Santa Clarita homeless task force looks back at 2019 efforts

The Santa Clarita homeless task force is made up of stakeholders from multiple, local organizations in education, health care, law enforcement and faith. Courtesy of the city of Santa Clarita

Formed just more than a year ago, a collaborative community task force leading the Santa Clarita Homelessness Plan met for the last time in 2019 on Wednesday to wrap up the year as it prepares for the new homeless count in 2020. 

“2019 was a pretty good start but we still have more work to do,” said Mayor Cameron Smyth, who serves as the task force’s chairman. “We had to do a lot of organizational, administrative meetings to get the structure in place but once we did that, I think we made a lot of progress.” 

The 2020 PIT count

Santa Clarita’s 2019 point-in-time count tallied 256 people facing homelessness. The figure increased from the 156 counted last year, but it was still inaccurate, according to the task force. 

Now at the table with more than 30 stakeholders, the task force has a better idea of how many people are facing homelessness in Santa Clarita, said Smyth. 

“We always knew that the ‘official’ count really isn’t accurate and through our partnership with the school districts and organizations here, I think we have a much better handle of what that number is and what that picture looks like,” he said. “I think that’s been very helpful and will enable us to be more productive in 2020 in learning what their needs are and how we can better connect them to resources.” 

With the help of five UCLA graduate students, who gave recommendations in May on how to improve the local count, the task force established planned actions to implement in the 2020 count. Some implementations include improved volunteer training and establishing teams with a minimum of three people serving as a navigator, driver and recorder, as well as establishing an experienced team leader. 

In future counts, the task force is looking to implement walking in areas that cannot be adequately seen from a car, as well as conducting the count during the daytime hours rather than nighttime, as currently required by the Los Angeles Homeless Services Authority. 

Homelessness in SCV schools

The education-focused sector of the task force made big strides this year through multiple strategies, including the implementation of a nighttime student residency questionnaire across all Santa Clarita Valley school districts. 

The system helped identify 101 more homeless students in the Newhall School District, bringing the latest count to 138, according to Jeff Pelzel, superintendent of the Newhall district. 

The Newhall School District established family resource centers at Wiley Canyon and McGrath schools to help families with clothing, school supplies and food. FeedSCV has provided homeless students backpacks filled with food and snacks for the weekend.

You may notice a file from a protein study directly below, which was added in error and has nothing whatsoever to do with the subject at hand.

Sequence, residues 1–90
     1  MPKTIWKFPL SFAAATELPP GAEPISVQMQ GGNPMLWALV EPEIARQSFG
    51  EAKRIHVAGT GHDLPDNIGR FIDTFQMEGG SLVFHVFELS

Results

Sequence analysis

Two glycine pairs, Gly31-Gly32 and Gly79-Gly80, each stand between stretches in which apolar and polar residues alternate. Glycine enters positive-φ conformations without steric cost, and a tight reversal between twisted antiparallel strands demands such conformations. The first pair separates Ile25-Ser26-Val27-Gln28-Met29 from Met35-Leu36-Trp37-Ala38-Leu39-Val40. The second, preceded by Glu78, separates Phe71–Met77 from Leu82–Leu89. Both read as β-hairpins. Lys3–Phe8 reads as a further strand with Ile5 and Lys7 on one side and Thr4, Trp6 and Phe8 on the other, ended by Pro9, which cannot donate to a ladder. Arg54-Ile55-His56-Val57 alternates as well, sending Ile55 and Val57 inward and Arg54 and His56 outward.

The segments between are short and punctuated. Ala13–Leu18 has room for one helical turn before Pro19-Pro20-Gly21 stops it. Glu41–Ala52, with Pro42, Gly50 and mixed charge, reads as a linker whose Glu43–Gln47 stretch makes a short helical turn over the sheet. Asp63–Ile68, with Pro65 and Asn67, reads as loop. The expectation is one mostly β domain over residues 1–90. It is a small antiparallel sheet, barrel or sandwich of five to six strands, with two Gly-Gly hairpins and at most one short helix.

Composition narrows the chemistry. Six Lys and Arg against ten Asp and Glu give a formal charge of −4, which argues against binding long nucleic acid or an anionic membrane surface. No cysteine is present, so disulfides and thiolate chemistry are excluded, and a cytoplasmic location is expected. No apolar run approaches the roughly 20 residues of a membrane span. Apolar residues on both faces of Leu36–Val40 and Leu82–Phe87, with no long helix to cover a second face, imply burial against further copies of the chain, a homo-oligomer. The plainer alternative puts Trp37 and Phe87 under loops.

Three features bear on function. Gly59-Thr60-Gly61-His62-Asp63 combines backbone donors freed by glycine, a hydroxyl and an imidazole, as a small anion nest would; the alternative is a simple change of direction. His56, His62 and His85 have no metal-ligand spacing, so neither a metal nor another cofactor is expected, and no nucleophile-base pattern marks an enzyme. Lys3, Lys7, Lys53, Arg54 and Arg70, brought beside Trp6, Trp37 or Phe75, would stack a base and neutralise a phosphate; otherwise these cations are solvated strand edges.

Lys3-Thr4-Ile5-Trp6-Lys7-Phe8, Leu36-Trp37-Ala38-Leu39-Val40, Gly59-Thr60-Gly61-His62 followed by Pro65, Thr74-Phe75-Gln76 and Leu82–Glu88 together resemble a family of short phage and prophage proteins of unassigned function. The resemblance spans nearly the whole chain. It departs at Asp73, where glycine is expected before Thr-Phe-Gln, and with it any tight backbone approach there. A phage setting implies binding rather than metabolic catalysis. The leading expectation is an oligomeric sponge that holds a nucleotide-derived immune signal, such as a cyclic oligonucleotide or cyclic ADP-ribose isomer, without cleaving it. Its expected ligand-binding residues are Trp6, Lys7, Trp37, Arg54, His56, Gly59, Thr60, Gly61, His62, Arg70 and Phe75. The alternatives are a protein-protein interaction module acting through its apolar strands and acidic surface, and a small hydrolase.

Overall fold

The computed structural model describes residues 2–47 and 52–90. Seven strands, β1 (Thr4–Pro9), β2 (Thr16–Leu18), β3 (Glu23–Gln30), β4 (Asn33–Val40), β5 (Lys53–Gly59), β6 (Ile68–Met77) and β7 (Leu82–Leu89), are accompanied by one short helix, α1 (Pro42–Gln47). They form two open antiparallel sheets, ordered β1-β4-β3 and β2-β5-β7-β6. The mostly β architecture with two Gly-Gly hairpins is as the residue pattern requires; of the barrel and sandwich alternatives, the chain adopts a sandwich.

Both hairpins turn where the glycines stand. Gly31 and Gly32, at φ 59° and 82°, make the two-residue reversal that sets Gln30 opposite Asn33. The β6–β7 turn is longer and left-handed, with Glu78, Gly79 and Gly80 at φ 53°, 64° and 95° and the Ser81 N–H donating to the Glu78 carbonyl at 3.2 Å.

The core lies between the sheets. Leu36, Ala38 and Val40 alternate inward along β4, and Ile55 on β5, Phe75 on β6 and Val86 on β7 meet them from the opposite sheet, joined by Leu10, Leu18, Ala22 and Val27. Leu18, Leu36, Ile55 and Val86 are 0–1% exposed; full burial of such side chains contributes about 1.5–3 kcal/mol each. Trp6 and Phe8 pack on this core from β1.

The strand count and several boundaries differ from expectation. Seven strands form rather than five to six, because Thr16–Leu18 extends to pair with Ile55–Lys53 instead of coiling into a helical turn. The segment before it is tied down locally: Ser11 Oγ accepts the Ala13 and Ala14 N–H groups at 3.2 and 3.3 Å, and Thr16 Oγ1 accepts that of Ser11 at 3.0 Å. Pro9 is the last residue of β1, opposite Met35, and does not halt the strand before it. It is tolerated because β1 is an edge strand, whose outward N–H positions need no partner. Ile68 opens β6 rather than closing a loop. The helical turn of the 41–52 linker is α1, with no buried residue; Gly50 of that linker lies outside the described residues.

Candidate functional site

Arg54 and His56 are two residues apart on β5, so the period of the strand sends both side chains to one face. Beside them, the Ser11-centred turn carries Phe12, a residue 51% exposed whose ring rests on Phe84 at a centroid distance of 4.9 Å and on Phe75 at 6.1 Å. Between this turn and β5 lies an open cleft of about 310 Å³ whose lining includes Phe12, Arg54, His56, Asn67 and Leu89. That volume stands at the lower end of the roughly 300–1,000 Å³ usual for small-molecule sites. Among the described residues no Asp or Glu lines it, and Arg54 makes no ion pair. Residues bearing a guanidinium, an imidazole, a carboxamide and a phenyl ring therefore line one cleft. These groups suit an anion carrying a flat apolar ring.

The William S. Hart Union High School District has expanded its number of social workers from five to eight across the district and College of the Canyons is applying for a grant of anywhere between $500,000 to $700,000 from the state for rapid rehousing services to help homeless students. 

Next year, the task force plans on working with the city to potentially offer bus passes for homeless families and students.  

Growing the team and services

The 30-plus member task force grew by an additional member in August with the addition of Gabriela Martinez, the city of Santa Clarita’s first homeless coordinator. Her position is funded through a $75,000 grant that is part of the $375,000 the city received from the nearly $3.8 million in Measure H funding for homeless programs. 

She has since met with multiple organizations from in and around the SCV, including with Los Angeles County officials, seeking to include the SCV in the LA-Homeless Outreach Portal, a new online portal designed to make it easier for vulnerable residents to request help and connect with local resources. 

In September, SCV’s only homeless shelter, Bridge to Home, claimed victory when it switched from a seasonal facility to operate 24 hours, 365 days a year after securing $840,000 in year-round funding. 

Starting in 2020, the task force agreed to review its strategic plan and continue its efforts despite a recent Supreme Court decision to not review a lower court’s ruling allowing the homeless to sleep on streets without punishment, said Smyth. 

“Regardless of what the ruling was going to be, we’re moving forward with our plan like we always do in Santa Clarita and we’re going to do it the best way we know how to serve the members of our community.” 

The Task Force is scheduled to reconvene in January.

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